Video: 60 years ago today, amphibious car motored from Niagara-on-the-Lake to the CNE

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Published August 22, 2022 at 12:39 pm

On August 22, 1962, Shirley Blatchford and Mrs. Hans Hinterseer drove into Lake Ontario at Niagara-on-the-Lake and emerged at the CNE in their Amphicar, an amphibious car. (Photo: Toronto Archives)

Sixty years ago today – August 22, 1962 – two women left from Niagara-on-the-Lake and drove their car to Toronto’s CNE.

No big deal? Well, they didn’t take the QEW. They took Lake Ontario, instead.

The 1960s were a crazy time so when Shirley Blatchford and Mrs. Hans Hinterseer drove into Lake Ontario at Niagara-on-the-Lake and emerged at the CNE in their Amphicar, an amphibious car, it was, if not common place, certainly well-known.

Well, there is precious little information on Blatchford or Hinterseer’s adventure that day, Amphicars, while certainly a novelty, were much more common from 1961 to 1966 before the U.S. government’s newly formed Environmental Protection Agency (EPA) put out standards for vehicle emissions and safety regulations.

The Amphicar, not surprisingly, did not meet those standards.

The first Amphicar Model 770 was launched at the 1961 New York Auto Show and was manufactured in West Germany. Originally, the Germans were hoping to mass produce them for the Axis side in World War II.

While production stopped on the amphibious car in 1965, they were on the market from 1961 to 1968.

The amphibious vehicle was manufactured by the Quandt Group in two plants at Lubeck and Berlin-Borsigwalde with only 3,878 in total ever being made.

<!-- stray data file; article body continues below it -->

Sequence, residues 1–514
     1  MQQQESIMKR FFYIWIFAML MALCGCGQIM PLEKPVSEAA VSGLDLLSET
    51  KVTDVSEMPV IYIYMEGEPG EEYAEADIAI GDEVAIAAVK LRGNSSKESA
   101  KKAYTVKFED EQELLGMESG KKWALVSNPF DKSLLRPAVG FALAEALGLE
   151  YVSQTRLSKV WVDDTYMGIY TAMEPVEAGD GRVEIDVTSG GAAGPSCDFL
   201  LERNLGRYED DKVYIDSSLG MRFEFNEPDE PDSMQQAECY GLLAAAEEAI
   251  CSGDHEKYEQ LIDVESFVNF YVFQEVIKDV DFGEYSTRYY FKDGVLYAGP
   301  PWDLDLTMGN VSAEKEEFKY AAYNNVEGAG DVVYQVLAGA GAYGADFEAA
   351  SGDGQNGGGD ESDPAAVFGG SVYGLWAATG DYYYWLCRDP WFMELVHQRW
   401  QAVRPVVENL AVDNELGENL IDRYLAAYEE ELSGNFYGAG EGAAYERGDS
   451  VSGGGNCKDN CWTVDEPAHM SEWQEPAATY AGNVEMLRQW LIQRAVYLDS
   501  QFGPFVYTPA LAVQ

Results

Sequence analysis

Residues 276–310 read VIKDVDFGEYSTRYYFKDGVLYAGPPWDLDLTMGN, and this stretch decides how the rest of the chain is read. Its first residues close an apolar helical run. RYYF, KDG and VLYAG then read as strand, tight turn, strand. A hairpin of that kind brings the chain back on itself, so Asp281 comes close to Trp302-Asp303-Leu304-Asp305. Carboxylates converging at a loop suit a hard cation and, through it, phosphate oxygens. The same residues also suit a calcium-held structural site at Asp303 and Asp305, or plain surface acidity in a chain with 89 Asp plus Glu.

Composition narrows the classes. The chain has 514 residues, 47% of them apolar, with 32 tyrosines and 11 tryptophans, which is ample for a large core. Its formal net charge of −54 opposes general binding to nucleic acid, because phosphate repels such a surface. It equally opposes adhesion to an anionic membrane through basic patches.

According to experts, the Amphicar offered only “modest performance” compared to most contemporary boats.

The Amphicar’s engine was mounted at the rear of the craft, driving the rear wheels through a four-speed manual transmission. For use in the water, the same engine drove a pair of reversible propellers at the rear, with a second gear lever engaging forward or reverse drive.

Once in the water, the main gear lever would normally be left in neutral. By engaging first gear as well as drive to the propellers when approaching a boat ramp, the Amphicar could drive itself out of the water.

One fun story about the car is the fact that President Lyndon B. Johnson, the successor to John F Kennedy, owned one. When he had guests over to his Texas ranch, he’d drive into his lake while screaming that his brakes had failed.

If you’re curious about the Amphicar, here’s a clip of British resident Kerry Cheese, who bought one of these rare cars from Canada and spent around £35,000 ($53,700 in Canadian currency) to bring it back to its original state.

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